Thus, a method to mitigate the RC-delay in a plurality of metal interconnects is described herein.

BRIEF DESCRIPTION OF THE DRAWINGS

FIG. 1 illustrates a cross-sectional view of a plurality of interconnects with discontiguous spacers depicting a landed via and an un-landed via, in accordance with an embodiment of the present invention.

FIG. 2 illustrates a cross-sectional view of a pair of interconnects with discontiguous spacers, wherein the interconnects are recessed into the underlying dielectric layer, in accordance with an embodiment of the present invention.

FIG. 3 illustrates a cross-sectional view of a plurality of interconnects with discontiguous spacers depicting a dummy interconnect, in accordance with an embodiment of the present invention.

FIG. 4 illustrates a cross-sectional view of a plurality of interconnects with discontiguous spacers depicting a large spacing beside a metal interconnect that is filled with a dielectric layer, in accordance with an embodiment of the present invention.

FIGS. 5A-J illustrate cross-sectional views representing the formation of a plurality of interconnects including the steps to form discontiguous dielectric spacers, in accordance with an embodiment of the present invention.

FIGS. 6A-C illustrate cross-sectional views representing the formation of a plurality of interconnects with discontiguous spacers, in accordance with an embodiment of the present invention.

FIG. 7 illustrates a cross-sectional view of a plurality of interconnects with weakly contiguous dielectric spacers, in accordance with an embodiment of the present invention.

DETAILED DESCRIPTION

A plurality of metal interconnects with dielectric spacers for use in an integrated circuit and a process to fabricate such a plurality of metal interconnects with dielectric spacers are described. In the following description, numerous specific details are set forth, such as specific dimensions and chemical regimes, in order to provide a thorough understanding of the present invention. It will be apparent to one skilled in the art that the present invention may be practiced without these specific details. In other instances, well-known processing steps, such as patterning steps, are not described in detail, in order to not unnecessarily obscure the present invention. Furthermore, it is understood that the various embodiments shown in the figures are illustrative representations and are not necessarily drawn to scale.

Disclosed herein are dielectric spacers for metal interconnects and a method to form such dielectric spacers. Incorporating dielectric spacers adjacent to the sidewalls of metal interconnects may lead to a relatively low coupling capacitance between various metal interconnects, may provide physical support for a plurality of interconnects and their connecting vias, and may provide a region onto which un-landed vias may reside. Thus, an “air-gap” metal interconnect architecture that provides sufficient integrity for incorporation into an integrated circuit and that provides a region onto which un-landed vias may “land” may be formed.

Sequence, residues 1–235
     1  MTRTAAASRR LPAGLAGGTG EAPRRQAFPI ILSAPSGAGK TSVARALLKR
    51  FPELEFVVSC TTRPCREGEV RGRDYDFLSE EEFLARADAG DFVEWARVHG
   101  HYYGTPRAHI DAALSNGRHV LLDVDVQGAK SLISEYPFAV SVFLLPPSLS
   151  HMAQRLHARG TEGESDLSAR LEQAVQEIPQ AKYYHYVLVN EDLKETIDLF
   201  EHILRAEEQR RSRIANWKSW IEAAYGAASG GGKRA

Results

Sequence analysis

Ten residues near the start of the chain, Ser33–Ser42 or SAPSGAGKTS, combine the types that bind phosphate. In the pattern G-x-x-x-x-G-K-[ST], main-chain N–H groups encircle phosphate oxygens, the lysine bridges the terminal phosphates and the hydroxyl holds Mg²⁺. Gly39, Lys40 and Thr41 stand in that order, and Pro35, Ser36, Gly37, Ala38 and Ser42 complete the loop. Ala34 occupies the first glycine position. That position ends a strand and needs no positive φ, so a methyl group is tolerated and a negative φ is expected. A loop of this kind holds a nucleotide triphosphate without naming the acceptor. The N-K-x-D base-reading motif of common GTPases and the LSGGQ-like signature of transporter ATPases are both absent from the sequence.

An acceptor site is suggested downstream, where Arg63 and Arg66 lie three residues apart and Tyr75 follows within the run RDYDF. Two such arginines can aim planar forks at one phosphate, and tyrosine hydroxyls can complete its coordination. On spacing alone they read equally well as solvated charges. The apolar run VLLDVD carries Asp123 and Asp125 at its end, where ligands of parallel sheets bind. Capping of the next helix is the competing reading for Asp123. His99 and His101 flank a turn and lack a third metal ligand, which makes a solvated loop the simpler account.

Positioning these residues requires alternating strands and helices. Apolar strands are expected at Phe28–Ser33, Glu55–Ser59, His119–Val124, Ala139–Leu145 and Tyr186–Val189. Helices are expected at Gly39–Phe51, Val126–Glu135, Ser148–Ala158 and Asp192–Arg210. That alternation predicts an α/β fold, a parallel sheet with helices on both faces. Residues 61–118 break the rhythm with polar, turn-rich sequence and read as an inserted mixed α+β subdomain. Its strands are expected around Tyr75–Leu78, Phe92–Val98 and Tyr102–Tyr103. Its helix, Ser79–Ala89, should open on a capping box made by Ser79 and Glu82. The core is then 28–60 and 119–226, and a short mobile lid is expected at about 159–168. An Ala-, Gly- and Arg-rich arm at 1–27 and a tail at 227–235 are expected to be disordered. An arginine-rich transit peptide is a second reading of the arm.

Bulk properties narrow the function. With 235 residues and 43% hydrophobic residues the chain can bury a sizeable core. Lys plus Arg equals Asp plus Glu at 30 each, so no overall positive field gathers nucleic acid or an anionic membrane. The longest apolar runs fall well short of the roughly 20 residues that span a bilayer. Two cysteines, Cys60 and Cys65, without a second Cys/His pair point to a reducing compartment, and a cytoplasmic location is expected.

The use of dielectric spacers between metal interconnects may reduce the coupling capacitance, or “cross-talk”, between such metal interconnects, and thus, dielectric spacers may be used to mitigate an “RC-delay” within a series of metal interconnects. Also, incorporating dielectric spacers between metal interconnects may enable the use of reduced dielectric constant materials (e.g. materials with a dielectric constant less than that of silicon dioxide) in the space between such metal interconnects, further reducing coupling capacitance. For example, low-K (dielectric constant of 2.5-4, where silicon dioxide is around 4) dielectric layers in between the metal interconnects may be utilized in conjunction with dielectric spacers. Furthermore, dielectric spacers may be used together with air-gaps (dielectric constant of 1) in between a series of metal interconnects to significantly reduce the capacitive coupling among metal interconnects. Including dielectric spacers between metal interconnects may enable the use of a dielectric layer only at the levels where the vias reside. Such an approach may be carried out without comprising the integrity of an electronic structure based on a plurality of metal interconnects.